The Japanese stock exchange ended Tuesday with a small profit. A fall in the Japanese yen led to price gains among the major Japanese export companies. The financial companies were also popular thanks to an increase in the yields on the bond markets. A fall in Chinese producer prices, a measure of the profitability of Chinese companies, kept the profit limited.
The leading Nikkei in Tokyo finally closed 0.4 percent higher at 21,392.10 points. Toyota and Honda automakers benefited from the cheaper yen and rose to 2.4 percent. Nissan reported a 3.7 percent increase after news that CEO Hiroto Saikawa will resign next week due to a pay scandal. Saikawa admitted that there was a fraud in the payment of dividends on his shares in the company.
Mitsubishi UFJ Financial Group, Mizuho Financial Group and Sumitomo Mitsui Financial Group climbed to 3.4 percent. The recovery of returns on major government bonds supports the profitability of Japanese banks. Telecom concern SoftBank won 1.8 percent. The start-up for shared workspaces WeWork is considering putting its stock market debut in the refrigerator. Rumors emerged last week that WeWork, in which SoftBank is a major investor, is worth far less than previously thought.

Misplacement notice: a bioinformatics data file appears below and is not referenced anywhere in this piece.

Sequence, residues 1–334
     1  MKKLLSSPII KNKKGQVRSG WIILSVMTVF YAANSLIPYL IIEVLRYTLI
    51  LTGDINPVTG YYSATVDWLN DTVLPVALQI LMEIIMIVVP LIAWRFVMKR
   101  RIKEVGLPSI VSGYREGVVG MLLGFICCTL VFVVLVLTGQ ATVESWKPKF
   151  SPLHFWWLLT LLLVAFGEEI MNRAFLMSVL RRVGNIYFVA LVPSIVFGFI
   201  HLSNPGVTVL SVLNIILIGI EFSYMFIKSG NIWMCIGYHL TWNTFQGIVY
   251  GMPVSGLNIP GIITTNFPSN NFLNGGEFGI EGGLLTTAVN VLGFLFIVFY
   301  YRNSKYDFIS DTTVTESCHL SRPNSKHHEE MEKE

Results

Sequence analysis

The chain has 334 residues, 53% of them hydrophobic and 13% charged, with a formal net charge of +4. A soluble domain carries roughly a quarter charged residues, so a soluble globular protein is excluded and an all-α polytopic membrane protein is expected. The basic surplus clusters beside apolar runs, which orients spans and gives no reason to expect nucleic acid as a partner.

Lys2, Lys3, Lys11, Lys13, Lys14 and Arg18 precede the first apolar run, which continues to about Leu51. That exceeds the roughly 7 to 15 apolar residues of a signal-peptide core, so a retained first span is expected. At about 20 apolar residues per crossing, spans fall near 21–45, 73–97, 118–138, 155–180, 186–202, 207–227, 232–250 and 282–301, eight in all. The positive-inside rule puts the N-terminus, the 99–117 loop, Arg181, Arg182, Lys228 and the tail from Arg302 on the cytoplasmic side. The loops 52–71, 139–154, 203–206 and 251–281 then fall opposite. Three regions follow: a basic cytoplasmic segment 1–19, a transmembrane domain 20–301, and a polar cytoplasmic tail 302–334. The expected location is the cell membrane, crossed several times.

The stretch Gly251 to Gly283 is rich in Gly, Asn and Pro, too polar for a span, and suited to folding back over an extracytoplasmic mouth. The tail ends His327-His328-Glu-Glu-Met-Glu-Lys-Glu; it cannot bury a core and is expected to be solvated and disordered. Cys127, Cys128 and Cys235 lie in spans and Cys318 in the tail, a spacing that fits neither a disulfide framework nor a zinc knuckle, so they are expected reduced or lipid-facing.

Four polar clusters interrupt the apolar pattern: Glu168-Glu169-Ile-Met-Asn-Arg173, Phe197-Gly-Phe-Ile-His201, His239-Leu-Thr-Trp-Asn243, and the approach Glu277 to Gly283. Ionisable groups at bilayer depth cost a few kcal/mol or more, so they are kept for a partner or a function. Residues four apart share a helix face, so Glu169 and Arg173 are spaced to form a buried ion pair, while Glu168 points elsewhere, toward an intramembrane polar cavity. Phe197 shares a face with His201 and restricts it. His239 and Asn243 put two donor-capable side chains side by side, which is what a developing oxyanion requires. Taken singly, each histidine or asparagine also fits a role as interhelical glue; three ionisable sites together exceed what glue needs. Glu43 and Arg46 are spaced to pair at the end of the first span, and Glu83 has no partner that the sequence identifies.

In Shanghai, the stock market indicator was 0.1 percent lower in the meantime and the Hang Seng index rose slightly in Hong Kong. Chinese producer prices fell by 0.8 percent on an annual basis last month. That was the largest decrease in three years. Consumer prices increased by 2.8 percent on an annual basis. The Kospi in Seoul climbed 0.7 percent and the All Ordinaries in Sydney lost 0.6 percent.